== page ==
July 15, 2018

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Distracted driving bill 'a little soft': CAA Manitoba

The province’s proposed crackdown on distracted drivers is “a little soft,” and dances around a serious issue that calls for much tougher penalties, the president of CAA Manitoba says.

“We’ll be back here, having another scrum that someone got killed,” Mike Mager said Monday in an interview at the Manitoba legislature, after Infrastructure Minister Ron Schuler finished tabling the Drivers and Vehicles Amendment and Highway Traffic Act.

Bill 17 would impose a three-day roadside suspension for a first incident, and a seven-day roadside suspension for second and subsequent incidents, should a driver be caught using a hand-operated electronic device.

NDP procedural delays Friday had earlier prevented Schuler from making all details of the bill public.

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PHIL HOSSACK / WINNIPEG FREE PRESS FILES</p><p>Mike Mager CEO of CAA Manitoba feels the province's new distracted driving laws aren't tough enough.</p>

PHIL HOSSACK / WINNIPEG FREE PRESS FILES

Mike Mager CEO of CAA Manitoba feels the province's new distracted driving laws aren't tough enough.

The province’s proposed crackdown on distracted drivers is "a little soft," and dances around a serious issue that calls for much tougher penalties, the president of CAA Manitoba says.

"We’ll be back here, having another scrum that someone got killed," Mike Mager said Monday in an interview at the Manitoba legislature, after Infrastructure Minister Ron Schuler finished tabling the Drivers and Vehicles Amendment and Highway Traffic Act.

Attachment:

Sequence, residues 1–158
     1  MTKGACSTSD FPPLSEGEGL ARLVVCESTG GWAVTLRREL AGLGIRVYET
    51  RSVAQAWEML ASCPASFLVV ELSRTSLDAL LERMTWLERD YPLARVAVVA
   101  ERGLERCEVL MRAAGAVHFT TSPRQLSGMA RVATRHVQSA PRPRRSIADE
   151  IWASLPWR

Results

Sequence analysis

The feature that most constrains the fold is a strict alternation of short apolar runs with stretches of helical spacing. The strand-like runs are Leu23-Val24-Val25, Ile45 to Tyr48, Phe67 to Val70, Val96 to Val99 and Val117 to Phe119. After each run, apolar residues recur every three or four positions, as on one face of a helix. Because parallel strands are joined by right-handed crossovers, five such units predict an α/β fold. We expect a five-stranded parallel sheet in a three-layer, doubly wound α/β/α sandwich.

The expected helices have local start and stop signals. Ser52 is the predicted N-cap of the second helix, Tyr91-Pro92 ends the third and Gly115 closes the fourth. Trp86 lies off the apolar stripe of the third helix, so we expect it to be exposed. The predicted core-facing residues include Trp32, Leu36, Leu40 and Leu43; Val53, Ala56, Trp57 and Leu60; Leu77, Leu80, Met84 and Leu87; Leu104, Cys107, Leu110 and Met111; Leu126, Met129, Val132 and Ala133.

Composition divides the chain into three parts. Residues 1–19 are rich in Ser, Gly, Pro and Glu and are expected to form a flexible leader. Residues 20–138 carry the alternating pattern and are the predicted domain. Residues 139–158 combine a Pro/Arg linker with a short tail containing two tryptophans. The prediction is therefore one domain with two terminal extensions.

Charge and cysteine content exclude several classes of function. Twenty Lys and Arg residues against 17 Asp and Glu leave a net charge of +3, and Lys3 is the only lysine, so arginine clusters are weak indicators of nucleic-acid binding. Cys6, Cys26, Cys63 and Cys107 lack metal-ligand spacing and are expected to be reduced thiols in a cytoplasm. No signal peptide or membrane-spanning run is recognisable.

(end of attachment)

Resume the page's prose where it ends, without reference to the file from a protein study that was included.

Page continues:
Bill 17 would impose a three-day roadside suspension for a first incident, and a seven-day roadside suspension for second and subsequent incidents, should a driver be caught using a hand-operated electronic device.

NDP procedural delays Friday had earlier prevented Schuler from making all details of the bill public.

There are further provisions about vehicles being towed and drivers having to pay a reinstatement fee — to be set by regulation — and police will issue the driver a temporary 24-hour licence, so he or she can drive the vehicle home before a suspension starts.

"Is it enough? I certainly hope so," Mager said. "Let’s give it a chance."

Nevertheless, the Manitoba CAA head said, the province had a chance to get much tougher on an issue linked to 11,086 accidents in 2016 (up from 2,415 in 2011).

Those are accidents, not just incidents in which drivers were caught using distracting devices while driving, Mager said.

"They’re being a little soft," he said. "We can’t keep dancing around this."

Mager also said Schuler could have imposed an immediate suspension, without a temporary chance to drive home. There could have been stiffer penalties, including fines, and there could even have been a provision for jail time. "Take away the phone — that would send a message."

On Monday, Schuler repeated his comments last week about distracted driving including thing such as grooming a dog, putting on makeup, eating, reading a book, and other activities.

However, he didn’t write them into the legislation — though, Schuler noted, they can be cited as evidence in a careless driving charge.

Bill 17 covers all electronic devices except CB radios, the minister said.

Winnipeg Police Service Chief Danny Smyth said Monday when he drives in rush hour, "Every day, I see somebody using their device."

"We’ll have resources out in the day and evening" to enforce the legislation, Smyth said, also acknowledging the province could have gone further. "If this doesn’t work, perhaps they’ll take another look at it."

nick.martin@freepress.mb.ca

Nick Martin

Nick Martin
Education Reporter

Nick Martin is the bearded guy we keep hidden away at the back of the newsroom. He is now in his fourth decade working in daily newspapers.

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